In Milkman, an informant’s corpse can expect to end up ‘found up an entry with a tenner in its hand and the bullets in its head’. In our area of South Armagh, they could expect to be shot, and their bodies dumped along quiet country roads. One such dispatch occurred after dark on what was our school bus route home. Every day afterwards, I would imagine the dead man there, his head hooded and his knees deep in the ditch where he fell on them. To live in Northern Ireland during the Troubles was to exist with violence on the brain. Middle sister doesn’t pay heed to ‘the problems’ but absorbs them anyway, ‘because of osmosis’.
Anna Burns is the first Northern Irish Booker winner and local readers have told her how accurately they felt the book ‘captures the feeling of what was happening, the atmosphere of threat that was prevalent all the time’. Burns describes things that are never normally described, like how all the intimidation and oppression, so slippery and hard to articulate, still leaves its mark. Existing in this ‘hair-trigger society’, middle sister explains, leads to upside-down thinking. ‘If no physically violent touch was being laid upon you, and no outright verbal insults were being levelled at you, and no taunting looks in the vicinity either, then nothing was happening, so how could you be under attack from something that wasn’t there?’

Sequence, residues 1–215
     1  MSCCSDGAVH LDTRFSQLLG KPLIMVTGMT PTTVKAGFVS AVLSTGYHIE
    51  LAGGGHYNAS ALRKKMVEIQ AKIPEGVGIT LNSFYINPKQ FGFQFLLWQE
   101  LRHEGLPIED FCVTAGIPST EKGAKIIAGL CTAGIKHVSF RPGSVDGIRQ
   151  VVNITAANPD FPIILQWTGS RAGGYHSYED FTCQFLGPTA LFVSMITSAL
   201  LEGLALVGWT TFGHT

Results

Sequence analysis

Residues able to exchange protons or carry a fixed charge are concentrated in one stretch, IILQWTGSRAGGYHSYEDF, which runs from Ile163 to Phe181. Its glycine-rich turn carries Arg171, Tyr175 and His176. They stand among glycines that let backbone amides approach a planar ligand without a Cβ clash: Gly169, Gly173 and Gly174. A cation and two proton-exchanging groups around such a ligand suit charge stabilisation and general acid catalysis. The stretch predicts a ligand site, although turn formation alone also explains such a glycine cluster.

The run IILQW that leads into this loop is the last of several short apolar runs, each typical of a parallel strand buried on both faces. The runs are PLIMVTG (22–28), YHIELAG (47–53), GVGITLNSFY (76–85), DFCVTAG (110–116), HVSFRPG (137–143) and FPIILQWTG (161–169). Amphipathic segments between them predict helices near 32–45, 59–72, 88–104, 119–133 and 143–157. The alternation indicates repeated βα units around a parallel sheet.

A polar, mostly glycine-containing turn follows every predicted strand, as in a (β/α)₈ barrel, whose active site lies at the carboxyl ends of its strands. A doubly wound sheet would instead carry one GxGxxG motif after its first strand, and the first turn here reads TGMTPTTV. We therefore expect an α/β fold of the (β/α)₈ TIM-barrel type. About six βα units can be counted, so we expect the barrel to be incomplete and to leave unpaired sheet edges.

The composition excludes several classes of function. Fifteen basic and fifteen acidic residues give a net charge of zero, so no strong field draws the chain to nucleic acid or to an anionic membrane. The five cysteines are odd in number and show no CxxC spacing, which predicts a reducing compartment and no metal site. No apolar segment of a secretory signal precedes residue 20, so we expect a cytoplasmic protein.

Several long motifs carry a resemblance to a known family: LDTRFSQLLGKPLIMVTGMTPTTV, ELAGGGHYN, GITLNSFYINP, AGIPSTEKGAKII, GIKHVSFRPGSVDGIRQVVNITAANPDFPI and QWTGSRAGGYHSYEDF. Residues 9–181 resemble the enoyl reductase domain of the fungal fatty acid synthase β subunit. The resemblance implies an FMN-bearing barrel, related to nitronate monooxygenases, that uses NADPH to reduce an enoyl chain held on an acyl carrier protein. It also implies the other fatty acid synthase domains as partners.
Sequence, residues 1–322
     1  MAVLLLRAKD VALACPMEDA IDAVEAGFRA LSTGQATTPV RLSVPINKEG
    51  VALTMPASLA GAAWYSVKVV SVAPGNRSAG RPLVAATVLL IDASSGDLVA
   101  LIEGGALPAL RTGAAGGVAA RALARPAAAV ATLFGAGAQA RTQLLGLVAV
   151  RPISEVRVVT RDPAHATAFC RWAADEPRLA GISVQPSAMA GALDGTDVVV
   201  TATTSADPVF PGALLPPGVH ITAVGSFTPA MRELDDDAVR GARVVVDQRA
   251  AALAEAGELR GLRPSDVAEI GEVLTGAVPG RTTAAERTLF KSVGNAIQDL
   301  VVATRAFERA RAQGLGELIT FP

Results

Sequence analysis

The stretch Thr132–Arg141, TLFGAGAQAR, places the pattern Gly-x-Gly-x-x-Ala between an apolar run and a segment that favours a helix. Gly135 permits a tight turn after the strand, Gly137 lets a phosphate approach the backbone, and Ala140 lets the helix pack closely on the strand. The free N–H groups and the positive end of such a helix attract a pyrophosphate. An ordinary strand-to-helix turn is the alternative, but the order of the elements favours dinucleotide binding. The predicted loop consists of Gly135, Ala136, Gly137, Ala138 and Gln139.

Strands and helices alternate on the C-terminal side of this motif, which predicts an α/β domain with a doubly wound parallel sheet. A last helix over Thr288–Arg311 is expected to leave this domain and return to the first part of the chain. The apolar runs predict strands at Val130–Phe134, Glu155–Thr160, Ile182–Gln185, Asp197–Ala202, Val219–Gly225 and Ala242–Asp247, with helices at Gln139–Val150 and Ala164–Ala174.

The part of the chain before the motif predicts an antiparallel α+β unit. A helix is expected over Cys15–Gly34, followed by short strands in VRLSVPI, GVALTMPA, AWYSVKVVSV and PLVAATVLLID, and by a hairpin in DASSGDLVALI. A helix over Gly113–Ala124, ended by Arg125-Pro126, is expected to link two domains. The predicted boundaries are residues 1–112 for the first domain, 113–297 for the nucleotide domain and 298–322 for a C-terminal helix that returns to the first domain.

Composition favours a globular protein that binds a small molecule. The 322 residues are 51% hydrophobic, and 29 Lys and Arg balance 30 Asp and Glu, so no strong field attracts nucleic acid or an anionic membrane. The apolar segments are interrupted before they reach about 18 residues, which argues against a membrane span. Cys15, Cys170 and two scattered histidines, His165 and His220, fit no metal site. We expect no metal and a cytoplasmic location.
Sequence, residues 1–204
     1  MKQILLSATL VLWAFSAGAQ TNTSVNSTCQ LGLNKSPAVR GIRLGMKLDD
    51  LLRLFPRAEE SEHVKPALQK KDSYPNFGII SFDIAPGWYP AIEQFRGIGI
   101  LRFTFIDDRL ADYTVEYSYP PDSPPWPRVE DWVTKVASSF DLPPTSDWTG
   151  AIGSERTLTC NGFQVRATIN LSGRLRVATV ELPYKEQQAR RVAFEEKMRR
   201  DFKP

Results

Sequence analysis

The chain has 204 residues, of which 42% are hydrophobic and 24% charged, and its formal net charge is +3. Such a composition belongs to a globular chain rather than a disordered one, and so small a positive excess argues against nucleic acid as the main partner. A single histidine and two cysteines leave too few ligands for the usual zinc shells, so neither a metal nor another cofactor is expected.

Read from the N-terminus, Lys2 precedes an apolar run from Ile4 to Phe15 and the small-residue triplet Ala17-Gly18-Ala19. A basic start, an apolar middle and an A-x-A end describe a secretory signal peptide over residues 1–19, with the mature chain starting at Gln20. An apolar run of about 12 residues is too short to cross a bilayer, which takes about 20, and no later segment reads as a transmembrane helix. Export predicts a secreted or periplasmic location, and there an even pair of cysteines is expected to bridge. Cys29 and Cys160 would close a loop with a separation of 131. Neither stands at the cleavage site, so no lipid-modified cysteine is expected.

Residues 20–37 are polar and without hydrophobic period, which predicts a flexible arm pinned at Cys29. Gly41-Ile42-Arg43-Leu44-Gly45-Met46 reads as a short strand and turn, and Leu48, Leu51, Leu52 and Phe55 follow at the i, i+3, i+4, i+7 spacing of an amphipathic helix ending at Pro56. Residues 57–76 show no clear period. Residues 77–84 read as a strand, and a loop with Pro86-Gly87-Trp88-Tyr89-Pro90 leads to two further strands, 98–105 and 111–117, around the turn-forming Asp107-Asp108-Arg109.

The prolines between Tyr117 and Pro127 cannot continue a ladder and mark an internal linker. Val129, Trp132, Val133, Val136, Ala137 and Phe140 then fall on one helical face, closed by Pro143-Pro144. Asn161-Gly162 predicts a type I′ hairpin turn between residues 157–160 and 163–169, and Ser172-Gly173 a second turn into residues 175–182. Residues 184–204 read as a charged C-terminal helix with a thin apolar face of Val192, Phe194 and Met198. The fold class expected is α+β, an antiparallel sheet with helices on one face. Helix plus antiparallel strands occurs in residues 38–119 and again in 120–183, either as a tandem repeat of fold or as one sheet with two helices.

Twenty-five years on from the Good Friday Agreement, it can sometimes feel like the conflict itself almost wasn’t there. It has taken on a ghostly aspect. It haunts us still, in the local politics, so stubbornly fraught and boring. It’s there in Northern Ireland’s mental health crisis, far and away the worst in the UK, and in the ever-present threat of violence. But it can also feel unreal and intangible, and for those of us who lived through it, it can feel impossible to describe the emotional reality of it all. Somehow, in telling the story of an individual trying to make sense of those years, in all its surreal and pointless absurdity, Burns does just that.